Are you comparing your chapter 1? It’s okay to be new.

Zentangle Comparison 512x320

By Laurie Stone, L.Ac.

Are you comparing your chapter 1? It’s okay to be new.

I’ve been teaching regular Zentangle classes for about 8 months now and I am picking up on a recurring theme among my students (and I fall into this trap sometimes too!). I’m going to talk about this specifically with Zentangle, but I think you’ll see how it can really apply to anything in life…

As adults, we often don’t like to be new at something.

It makes me think of a quote I found really helpful in the beginning of my Zentangle practice and even to this day:

Don’t compare your Chapter 1 to someone else’s Chapter 20.

Many of my students are eager to simply dive in. But quite a few of my students are really interested, curious, and excited about the idea of Zentangle, then as we get started, the comparison monster shows up. This might appear in my classroom in different ways…

  • Eyebrow furrows, sighs of frustration
  • Outright statements like “I don’t like mine!”
  • When glancing at a fellow classmate’s tile, a little frown of disappointment when looking back at their own work.

As adults, it’s an ingrained habit for us to compare – we’ve all be doing it since our non-verbal baby days – “her toy looks more fun than mine”. But think about this…

When you were a baby, did you know how to walk perfectly the first time?
When you were a toddler, did you grasp the concept of tying a bow in your shoelaces the first time?
When you were a grade-schooler, did you know right away that 6×7 = 42?
When you swung a baseball or softball bat for the first time, did you hit a home run?

You see where I’m going with this…

Why have we lost the ability to be a beginner?

Why do we judge ourselves so harshly when we are brand new to something?

One possible reason is that as adults, with all we see around us, we have raised our standards and expectations. We have the ability to google Zentangle and see all these beautiful patterns on the images that appear, but what we don’t see is all the practice pieces that came before that beautiful one. So, naturally, we want ours to look like theirs. Right away.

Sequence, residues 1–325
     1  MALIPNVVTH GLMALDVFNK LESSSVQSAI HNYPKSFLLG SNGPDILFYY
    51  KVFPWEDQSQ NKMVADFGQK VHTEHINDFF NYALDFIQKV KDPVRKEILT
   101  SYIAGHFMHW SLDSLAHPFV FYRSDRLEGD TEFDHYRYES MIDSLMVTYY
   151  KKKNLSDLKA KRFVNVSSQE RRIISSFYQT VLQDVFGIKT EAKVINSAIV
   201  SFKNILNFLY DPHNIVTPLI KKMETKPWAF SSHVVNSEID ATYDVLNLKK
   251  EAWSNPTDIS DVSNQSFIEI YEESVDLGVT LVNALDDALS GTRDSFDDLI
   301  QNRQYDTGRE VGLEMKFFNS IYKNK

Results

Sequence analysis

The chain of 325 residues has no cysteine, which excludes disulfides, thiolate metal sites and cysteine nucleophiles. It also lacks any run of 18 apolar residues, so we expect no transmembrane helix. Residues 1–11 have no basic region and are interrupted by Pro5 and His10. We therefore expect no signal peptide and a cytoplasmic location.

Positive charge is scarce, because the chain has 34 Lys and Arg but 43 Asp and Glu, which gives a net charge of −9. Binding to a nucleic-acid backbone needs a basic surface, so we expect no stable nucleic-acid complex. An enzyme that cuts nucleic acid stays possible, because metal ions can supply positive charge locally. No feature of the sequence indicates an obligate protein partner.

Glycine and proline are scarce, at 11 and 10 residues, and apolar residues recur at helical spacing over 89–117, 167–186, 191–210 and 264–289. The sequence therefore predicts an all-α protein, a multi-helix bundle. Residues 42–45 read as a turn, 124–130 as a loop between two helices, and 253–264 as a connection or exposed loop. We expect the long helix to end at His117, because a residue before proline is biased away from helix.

Also, we often don’t allow ourselves to be new at things often enough. We’ve gotten used to being good at the things we’ve already chosen. By the time we are adults, we have filtered out many hobbies, careers, daily tasks that we aren’t good at, to be able to feel confident in the ones we are good at.

Thirdly, we are horribly cruel judges of ourselves in our own heads.

Zentangle has helped me learn to be kind to myself.

This kindness is something I still continue to practice.

The two Zentangle images above are my own creations. And I do think the one on the right is much, much better. Both are freehand (we don’t use rulers in Zentangle), and clearly my lines are straighter in the righthand one.

But what’s the real difference between the two? About six years time and LOTS of practice.

I tangle a lot – it’s the way I de-stress, and the side benefit is that it gives me a lot of practice while having fun doing it. But I am just as fond of both of these tiles. And I’m not the least bit embarrassed to show you my not-as-pretty one.

I remember when I did that one – it was the first time I drew the pattern Aura-Knot and I thought it would be so hard, but I did it. Not perfect, not great, but I did it, by golly!

Here’s the rub about comparison: it doesn’t matter what level of competence you’re at. If you aren’t mindful, the comparison monster can still sneak in. There will always be someone better at something.

I’m in a Facebook group for Zentangle teachers and some of the work that my fellow teachers post just blows me out the water. Sooooo beautiful that sometimes I feel like I’m now comparing my Chapter 20 to their Chapter 50.

What would happen if I started letting that get to me? I would stop posting my own pictures to the group, feeling insecure, or I would turn an enjoyable process of flow into a harsh better-get-it-perfect-this-time activity, ugh, or worst of all, I would just quit. Yikes!

So I continue to practice kindness to myself and lighten up my expectations.

Here are some tips to help you through comparison monster moments:
  • Keep your first tiles – don’t throw them away. You will be able to see how far you’ve come in a short time.
  • Tangle regularly, even in little ways – a little doodle on the side of your paper. Grab a sticky note at lunch and just tangle something.
  • Write yourself a permission slip to be new at this.
  • If you get overwhelmed by a pattern or a composition you are trying to do, go back to the basics. Re-draw some of your very first patterns as a confidence boost.
  • If you are getting frustrated, wanting to throw in the towel, go back to one of your comfort tangles (one of your favorites) and let yourself make it easy to do – draw a single pattern or draw a smaller tile. Pull out your favorite color pen and just draw spirals, for example.

Zentangle makes it very easy to be a beginner IF!! you let it be easy.

Remember this applies to everything in life – so just substitute the word Zentangle for whatever it is you are wanting to begin.

If you would like to experience Zentangle, please check my calendar for upcoming classes.

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